A spinning, solar-powered spacecraft has captured new images of the neighborhood’s largest planet—and wow, are they spectacular.
Since entering orbit on July 4 2016, NASA’s Juno spacecraft has been revealing a world coated in curling clouds that loop and spiral around one another, creating filigreed bands speckled with roiling oval storms.
Some of these storms dapple the planet’s previously unseen poles, and they all join the best known of the Jovian tempests, a splotch called the Great Red Spot that stretches more than an Earth across (but which has been shrinking over recent decades).
The new images “look like Van Gogh paintings,” says Juno’s principal investigator Scott Bolton of the Southwest Research Institute. “I kind of expected some of this, because a long time ago, Voyager took pictures, and other spacecraft that have gone near Jupiter have taken some images, but they’re usually global ones and boy, when you get close and you see these swirls, they look like art.”
NASA's Juno spacecraft obtained this color view of the Jupiter system on June 21, 2016, at a distance of 6.8 million miles. The giant planet's four largest moons—Io, Europa, Ganymede, and Callisto—are visible, and the alternating light and dark bands of the planet's clouds are just beginning to come into view.
These stunning clouds are produced by Jupiter’s incredibly complex atmospheric dynamics—things like winds and turbulence—combined with certain chemistries that produce their vibrant colors. But the precise reason why Jupiter alone is so fantastically painted isn’t clear.
“You don’t see that on Saturn, Uranus, or Neptune for some reason,” Bolton says. “Maybe what you’re seeing is the fact that Jupiter is so big that it has triggered some other special dynamics that are star-like, to some extent.”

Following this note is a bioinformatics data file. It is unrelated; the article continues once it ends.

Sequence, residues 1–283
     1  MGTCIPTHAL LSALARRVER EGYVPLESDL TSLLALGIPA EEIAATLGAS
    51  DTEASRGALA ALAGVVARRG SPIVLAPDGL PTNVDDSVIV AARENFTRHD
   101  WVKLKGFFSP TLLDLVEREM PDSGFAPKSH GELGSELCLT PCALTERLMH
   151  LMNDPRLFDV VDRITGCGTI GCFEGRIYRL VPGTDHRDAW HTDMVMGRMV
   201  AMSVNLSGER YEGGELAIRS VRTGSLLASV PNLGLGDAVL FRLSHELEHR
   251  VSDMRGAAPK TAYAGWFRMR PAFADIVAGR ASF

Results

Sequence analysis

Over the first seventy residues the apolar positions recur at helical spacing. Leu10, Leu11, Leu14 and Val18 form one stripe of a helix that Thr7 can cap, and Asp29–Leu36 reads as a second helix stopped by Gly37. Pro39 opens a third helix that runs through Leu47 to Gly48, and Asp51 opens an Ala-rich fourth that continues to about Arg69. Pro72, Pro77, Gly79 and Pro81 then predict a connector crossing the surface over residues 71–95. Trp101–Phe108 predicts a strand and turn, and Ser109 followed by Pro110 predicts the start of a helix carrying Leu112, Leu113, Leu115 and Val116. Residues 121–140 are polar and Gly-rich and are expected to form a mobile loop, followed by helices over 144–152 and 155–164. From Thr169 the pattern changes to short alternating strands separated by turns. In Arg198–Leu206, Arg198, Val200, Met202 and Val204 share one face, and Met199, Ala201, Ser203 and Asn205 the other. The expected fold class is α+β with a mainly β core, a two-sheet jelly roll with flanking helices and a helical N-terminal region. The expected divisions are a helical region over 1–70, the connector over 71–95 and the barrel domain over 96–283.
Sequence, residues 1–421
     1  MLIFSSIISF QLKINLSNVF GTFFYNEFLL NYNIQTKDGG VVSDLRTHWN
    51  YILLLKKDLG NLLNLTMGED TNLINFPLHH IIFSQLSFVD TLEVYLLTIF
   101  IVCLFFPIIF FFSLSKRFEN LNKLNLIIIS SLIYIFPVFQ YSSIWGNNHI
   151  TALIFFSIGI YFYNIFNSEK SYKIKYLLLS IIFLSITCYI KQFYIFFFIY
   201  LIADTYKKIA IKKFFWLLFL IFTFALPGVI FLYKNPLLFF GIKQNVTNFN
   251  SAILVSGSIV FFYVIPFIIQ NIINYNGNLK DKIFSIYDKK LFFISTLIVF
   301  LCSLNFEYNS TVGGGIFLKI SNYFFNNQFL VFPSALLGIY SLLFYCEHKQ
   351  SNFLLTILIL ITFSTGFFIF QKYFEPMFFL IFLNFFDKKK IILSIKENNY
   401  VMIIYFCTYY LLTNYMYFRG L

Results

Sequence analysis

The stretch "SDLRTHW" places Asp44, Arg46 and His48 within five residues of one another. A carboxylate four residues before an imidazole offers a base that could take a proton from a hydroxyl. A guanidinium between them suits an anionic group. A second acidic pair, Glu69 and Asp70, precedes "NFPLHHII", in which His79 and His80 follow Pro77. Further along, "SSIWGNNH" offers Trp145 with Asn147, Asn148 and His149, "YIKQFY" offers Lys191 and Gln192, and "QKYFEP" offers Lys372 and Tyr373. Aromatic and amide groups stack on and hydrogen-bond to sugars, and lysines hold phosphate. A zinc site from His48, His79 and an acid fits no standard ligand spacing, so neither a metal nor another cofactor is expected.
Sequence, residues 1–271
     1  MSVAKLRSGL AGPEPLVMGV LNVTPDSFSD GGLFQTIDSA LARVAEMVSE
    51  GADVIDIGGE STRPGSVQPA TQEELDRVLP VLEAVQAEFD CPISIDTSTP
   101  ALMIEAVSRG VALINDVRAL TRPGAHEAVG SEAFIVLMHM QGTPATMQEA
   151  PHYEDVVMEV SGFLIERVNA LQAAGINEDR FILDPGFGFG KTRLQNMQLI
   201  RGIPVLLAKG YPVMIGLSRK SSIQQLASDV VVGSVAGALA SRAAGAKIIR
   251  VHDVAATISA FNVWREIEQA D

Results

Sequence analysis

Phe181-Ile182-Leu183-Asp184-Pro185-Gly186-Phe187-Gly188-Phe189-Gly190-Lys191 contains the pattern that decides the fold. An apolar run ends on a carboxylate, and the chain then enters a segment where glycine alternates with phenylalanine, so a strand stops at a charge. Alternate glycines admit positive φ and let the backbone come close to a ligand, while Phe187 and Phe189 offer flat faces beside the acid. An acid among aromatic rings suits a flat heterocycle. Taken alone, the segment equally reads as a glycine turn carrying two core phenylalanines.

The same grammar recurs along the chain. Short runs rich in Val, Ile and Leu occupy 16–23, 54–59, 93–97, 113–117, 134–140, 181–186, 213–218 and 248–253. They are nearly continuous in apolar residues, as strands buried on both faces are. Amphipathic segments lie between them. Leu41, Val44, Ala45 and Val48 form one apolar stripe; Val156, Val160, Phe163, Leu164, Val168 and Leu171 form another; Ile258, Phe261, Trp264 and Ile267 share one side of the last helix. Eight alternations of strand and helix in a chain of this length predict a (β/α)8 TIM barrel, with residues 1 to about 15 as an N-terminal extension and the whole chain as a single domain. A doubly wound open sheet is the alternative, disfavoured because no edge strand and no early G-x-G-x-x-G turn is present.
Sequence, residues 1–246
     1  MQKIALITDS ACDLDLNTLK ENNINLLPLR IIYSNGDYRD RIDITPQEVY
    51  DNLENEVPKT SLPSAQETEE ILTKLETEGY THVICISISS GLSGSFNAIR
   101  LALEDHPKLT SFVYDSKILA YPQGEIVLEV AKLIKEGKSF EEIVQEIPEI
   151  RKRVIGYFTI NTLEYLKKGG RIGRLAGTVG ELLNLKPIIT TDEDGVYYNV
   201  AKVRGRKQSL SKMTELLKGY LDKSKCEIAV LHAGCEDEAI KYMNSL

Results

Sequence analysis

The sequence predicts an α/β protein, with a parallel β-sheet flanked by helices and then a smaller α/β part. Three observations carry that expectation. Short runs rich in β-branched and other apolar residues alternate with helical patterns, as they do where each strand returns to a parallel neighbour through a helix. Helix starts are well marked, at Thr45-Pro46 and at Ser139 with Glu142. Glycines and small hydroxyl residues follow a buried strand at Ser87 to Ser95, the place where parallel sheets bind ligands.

Juno is doing more than simply ogling this magnificent planetscape. Designed to tease out the intricacies of Jupiter’s innards, the spacecraft carries eight instruments that monitor the planet’s gravity, auroras, atmosphere, magnetosphere, cloud depths, and electric fields.
Together, they should help scientists learn more about the planet’s origins and what, exactly, lies beneath those clouds—straight down to the planet’s heart, which could be made from heavy elements or rock wrapped in a fluid form of metallic hydrogen.
So far, though, seeing the planet’s poles for the first time has been one of the highlights of the mission. These regions are strikingly different from equatorial Jupiter, with a blue tinge, numerous cyclones, and a lack of distinct cloudy bands.
“The new polar perspective is very exciting,” says Candy Hansen of the Planetary Science Institute, who leads the spacecraft’s JunoCam, which seeks input from the public on what to photograph. “All the filigree and storm structure—that is so beautiful!”
On March 27, Juno swung low over Jupiter during its fourth science orbit, coming within 2,700 miles of those magnificent cloud tops. Images from that orbit will be released soon.
And over its next set of orbits, Juno will continue focusing on Jupiter’s deep atmosphere and interior structure, gathering data that scientists will eventually combine into a global view of this mysterious world.
“We’re essentially making a map of Jupiter in order to interrogate how the physics works and how the interior structure is built and how Jupiter formed,” Bolton says. He and the team promise much more Jupiter fun to come, in the form of detailed results that will be published soon.
Until then, we can bask in the beauty of the biggest planet in the solar system.